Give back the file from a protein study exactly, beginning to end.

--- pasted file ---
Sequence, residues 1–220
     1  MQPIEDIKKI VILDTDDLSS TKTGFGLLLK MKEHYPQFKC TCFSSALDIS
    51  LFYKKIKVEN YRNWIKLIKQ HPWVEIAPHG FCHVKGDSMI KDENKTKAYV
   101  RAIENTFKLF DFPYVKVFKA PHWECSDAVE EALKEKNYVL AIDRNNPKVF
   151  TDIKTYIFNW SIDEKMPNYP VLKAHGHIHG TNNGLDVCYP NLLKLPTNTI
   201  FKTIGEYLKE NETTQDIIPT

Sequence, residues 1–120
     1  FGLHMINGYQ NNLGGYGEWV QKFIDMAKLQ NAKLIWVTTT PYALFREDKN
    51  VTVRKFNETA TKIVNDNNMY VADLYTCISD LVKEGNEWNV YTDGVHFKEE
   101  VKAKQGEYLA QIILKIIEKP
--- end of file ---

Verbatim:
Sequence, residues 1–220
     1  MQPIEDIKKI VILDTDDLSS TKTGFGLLLK MKEHYPQFKC TCFSSALDIS
    51  LFYKKIKVEN YRNWIKLIKQ HPWVEIAPHG FCHVKGDSMI KDENKTKAYV
   101  RAIENTFKLF DFPYVKVFKA PHWECSDAVE EALKEKNYVL AIDRNNPKVF
   151  TDIKTYIFNW SIDEKMPNYP VLKAHGHIHG TNNGLDVCYP NLLKLPTNTI
   201  FKTIGEYLKE NETTQDIIPT

Sequence, residues 1–120
     1  FGLHMINGYQ NNLGGYGEWV QKFIDMAKLQ NAKLIWVTTT PYALFREDKN
    51  VTVRKFNETA TKIVNDNNMY VADLYTCISD LVKEGNEWNV YTDGVHFKEE
   101  VKAKQGEYLA QIILKIIEKP